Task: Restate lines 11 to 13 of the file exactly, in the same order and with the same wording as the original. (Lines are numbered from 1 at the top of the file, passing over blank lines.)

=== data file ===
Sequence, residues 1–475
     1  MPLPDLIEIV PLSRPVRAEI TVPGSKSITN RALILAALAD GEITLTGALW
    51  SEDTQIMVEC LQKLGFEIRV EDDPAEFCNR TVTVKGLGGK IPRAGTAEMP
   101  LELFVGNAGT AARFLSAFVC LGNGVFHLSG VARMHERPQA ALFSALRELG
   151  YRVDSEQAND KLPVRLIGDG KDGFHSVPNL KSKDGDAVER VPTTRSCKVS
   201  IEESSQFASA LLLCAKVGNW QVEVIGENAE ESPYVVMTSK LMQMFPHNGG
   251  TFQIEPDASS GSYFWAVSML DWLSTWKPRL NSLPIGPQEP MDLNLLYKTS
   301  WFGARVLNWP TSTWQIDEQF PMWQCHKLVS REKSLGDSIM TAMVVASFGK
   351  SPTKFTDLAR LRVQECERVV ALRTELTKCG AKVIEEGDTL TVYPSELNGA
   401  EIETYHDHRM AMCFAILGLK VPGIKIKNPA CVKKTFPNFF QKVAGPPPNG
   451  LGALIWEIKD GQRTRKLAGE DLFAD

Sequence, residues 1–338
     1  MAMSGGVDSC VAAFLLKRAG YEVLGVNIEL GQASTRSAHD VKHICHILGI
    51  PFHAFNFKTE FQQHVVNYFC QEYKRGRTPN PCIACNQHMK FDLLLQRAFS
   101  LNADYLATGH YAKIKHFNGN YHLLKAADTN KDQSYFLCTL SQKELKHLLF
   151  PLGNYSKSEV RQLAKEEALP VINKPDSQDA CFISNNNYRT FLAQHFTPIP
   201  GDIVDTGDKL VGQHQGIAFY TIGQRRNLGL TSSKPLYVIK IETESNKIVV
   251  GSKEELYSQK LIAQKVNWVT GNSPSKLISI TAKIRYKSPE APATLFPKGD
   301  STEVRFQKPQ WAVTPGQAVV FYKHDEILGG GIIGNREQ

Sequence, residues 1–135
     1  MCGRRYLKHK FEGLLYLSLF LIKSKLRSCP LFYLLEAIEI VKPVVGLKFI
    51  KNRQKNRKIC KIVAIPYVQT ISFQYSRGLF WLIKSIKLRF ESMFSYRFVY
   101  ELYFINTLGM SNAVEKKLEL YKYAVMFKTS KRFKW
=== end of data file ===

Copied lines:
   451  LGALIWEIKD GQRTRKLAGE DLFAD

Sequence, residues 1–338
     1  MAMSGGVDSC VAAFLLKRAG YEVLGVNIEL GQASTRSAHD VKHICHILGI